And then I made some major changes earlier in the novel, and that scene is now . . . not necessary. So I cut it from the new draft. It just never got copied and pasted over. I’m still wrestling with whether this is good or not!

pointing+hand+vintage+image+graphicsfairy2But. Here’s the thing:  if it doesn’t work, it doesn’t belong in your novel.

For a long time I considered this scene sacred, integral to the novel (yes, despite my misgivings about it!). But here’s a sad fact:  if the scene doesn’t go in, it won’t matter. Seriously. It won’t matter to the novel at all.

 (At least, that’s what I’m telling myself. I’m not entirely convinced.)

There are other reasons to jettison paragraphs or entire scenes. One is simply that it doesn’t move the story forward. It might be pretty. It might be some of the best writing you’ve ever done. Does it add to the story in any meaningful way? Does it provide for character development, plot twists, new information? If not – let it go. Or, as Sir Arthur Quiller-Couch put it,

“Whenever you feel an impulse to perpetrate a piece of exceptionally fine writing, obey it – wholeheartedly – and delete it before sending your manuscript to press. Murder your darlings.” (On the Art of Writing, 1916).

Or, if you prefer the great Stephen King:

“Mostly when I think of pacing, I go back to Elmore Leonard, who explained it so perfectly by saying he just left out the boring parts. This suggests cutting to speed the pace, and that’s what most of us end up having to do (kill your darlings, kill your darlings, even when it breaks your egocentric little scribbler’s heart, kill your darlings)” (On Writing)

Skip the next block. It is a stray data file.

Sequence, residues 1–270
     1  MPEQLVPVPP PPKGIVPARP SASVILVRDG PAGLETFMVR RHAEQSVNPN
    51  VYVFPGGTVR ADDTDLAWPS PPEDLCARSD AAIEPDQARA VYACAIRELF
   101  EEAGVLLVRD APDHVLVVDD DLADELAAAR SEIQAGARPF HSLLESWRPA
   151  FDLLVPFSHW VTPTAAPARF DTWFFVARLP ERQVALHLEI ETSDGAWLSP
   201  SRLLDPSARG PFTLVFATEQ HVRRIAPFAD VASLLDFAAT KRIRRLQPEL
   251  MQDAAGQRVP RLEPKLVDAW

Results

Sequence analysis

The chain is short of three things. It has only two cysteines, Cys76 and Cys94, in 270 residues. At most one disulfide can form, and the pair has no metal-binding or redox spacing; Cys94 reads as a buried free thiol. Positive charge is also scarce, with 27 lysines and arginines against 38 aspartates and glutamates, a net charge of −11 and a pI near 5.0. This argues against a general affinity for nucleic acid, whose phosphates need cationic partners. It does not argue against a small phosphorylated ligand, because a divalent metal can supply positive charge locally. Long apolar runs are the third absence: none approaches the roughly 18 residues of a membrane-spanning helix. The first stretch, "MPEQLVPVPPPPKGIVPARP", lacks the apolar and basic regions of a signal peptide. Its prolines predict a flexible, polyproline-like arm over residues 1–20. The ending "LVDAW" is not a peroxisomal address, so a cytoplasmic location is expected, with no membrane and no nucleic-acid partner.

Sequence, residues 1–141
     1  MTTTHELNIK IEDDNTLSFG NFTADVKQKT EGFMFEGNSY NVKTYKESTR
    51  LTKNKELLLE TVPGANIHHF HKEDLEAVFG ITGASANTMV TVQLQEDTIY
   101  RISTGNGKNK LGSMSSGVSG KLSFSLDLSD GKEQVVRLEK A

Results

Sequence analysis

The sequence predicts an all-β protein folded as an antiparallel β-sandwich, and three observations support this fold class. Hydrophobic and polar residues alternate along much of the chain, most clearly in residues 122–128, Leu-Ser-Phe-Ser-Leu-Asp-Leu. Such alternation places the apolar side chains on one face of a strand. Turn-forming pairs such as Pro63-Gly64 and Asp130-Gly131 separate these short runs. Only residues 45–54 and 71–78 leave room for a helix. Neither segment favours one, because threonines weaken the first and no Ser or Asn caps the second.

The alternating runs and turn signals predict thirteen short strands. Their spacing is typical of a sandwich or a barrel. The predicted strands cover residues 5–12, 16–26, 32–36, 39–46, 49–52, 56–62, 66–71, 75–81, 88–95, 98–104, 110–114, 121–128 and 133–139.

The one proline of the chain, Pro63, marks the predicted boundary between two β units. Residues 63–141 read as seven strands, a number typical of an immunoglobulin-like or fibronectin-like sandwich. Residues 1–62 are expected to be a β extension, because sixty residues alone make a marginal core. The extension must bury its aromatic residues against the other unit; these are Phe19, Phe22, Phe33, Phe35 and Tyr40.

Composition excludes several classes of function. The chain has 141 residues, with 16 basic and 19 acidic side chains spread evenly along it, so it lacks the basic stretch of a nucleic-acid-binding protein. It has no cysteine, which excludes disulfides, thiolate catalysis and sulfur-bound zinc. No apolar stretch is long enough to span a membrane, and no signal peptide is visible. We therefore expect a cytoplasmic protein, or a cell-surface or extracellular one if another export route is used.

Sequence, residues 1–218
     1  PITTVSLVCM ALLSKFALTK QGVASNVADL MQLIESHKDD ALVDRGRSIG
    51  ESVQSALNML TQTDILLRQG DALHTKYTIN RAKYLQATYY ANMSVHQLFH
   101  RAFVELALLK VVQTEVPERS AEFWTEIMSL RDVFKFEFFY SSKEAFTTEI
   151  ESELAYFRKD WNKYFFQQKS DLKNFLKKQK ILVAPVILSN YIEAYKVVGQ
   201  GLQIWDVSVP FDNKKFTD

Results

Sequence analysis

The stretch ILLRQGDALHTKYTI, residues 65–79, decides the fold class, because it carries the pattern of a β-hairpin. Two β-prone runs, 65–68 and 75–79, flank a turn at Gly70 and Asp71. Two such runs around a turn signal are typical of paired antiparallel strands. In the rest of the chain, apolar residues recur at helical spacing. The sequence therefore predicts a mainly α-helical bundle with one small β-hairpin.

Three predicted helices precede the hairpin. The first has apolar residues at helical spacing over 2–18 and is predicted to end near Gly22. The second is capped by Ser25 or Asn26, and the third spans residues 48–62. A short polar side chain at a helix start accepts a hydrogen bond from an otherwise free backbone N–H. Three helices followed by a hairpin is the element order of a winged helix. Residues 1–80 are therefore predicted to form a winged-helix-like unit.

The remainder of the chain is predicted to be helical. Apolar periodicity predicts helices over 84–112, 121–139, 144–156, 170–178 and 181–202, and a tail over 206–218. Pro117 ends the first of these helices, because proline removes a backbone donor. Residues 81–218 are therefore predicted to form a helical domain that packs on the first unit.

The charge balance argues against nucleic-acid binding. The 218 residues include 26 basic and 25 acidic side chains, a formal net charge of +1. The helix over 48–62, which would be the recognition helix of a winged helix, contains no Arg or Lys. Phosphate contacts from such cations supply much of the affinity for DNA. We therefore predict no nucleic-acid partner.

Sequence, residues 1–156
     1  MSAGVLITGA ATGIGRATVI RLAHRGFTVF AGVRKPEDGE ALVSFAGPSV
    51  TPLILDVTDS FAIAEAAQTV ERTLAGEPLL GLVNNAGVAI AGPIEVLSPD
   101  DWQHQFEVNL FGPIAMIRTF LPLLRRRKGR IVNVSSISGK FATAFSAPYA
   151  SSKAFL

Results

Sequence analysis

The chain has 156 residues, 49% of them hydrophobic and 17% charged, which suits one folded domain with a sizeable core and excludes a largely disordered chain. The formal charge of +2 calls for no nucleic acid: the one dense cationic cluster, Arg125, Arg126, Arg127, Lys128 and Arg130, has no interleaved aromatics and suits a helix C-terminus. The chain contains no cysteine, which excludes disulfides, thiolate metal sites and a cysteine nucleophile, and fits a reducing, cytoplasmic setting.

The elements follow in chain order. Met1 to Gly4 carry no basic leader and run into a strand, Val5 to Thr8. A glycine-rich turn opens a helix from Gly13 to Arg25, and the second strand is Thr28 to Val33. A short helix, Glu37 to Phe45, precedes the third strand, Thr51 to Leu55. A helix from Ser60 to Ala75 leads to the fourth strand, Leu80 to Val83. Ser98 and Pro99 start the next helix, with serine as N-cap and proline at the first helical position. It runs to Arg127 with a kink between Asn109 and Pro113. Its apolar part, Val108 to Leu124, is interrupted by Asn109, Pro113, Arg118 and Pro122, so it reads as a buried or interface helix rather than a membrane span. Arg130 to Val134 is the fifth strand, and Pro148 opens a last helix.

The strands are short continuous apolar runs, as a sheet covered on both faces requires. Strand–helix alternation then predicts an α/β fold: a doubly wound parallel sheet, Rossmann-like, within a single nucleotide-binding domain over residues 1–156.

Or, you’d rather, Kurt Vonnegut:

“Your eloquence should be the servant of the ideas in your head. Your rule might be this: If a sentence, no matter how excellent, does not illuminate your subject in some new and useful way, scratch it out.” — (How to Use the Power of the Printed Word)

(And please remember:  just because you don’t use it in THIS novel doesn’t mean you can’t rework it for another one! Nothing we write is every truly gone. Plus, your future readers will never know it used to be there. All they’ll notice is the nice, tight pacing, the flow from one scene to the next, the rapid plot development.)

Another reason is parallel to the one I mentioned above – after you’ve revised, you suddenly have a scene that just doesn’t fit anymore. Maybe your character’s motivations have changed. Maybe you’ve added – or deleted – a character. Whatever the reason, it’s just not necessary anymore. Take heart in the fact that you recognize this, and you’re ready to make the sacrifice for the novel’s greater good!

So if you’ve had paragraphs that you felt were extraneous, or lines of dialogue that don’t go anywhere, or even entire scenes that don’t work anymore, don’t be afraid to cut those bad boys right out of there. Cut them! Do it! Now!

Doesn’t that feel empowering? Scary, yes, but empowering?

Now do one more thing:  save your novel as an entirely new file. And do this every single time you make major revisions and cuts to your manuscript. I just spent about two hours trying to find an old scene that got cut, and now I need again. I was able to find it because I save my novels as new files all the time. No recreating it from memory. It just needs some tweaking to slide right into place.

This way, you can throw things away – and keep them.

 

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From the Author’s POV: “Killing Albert Berch”

Almost all families have secrets.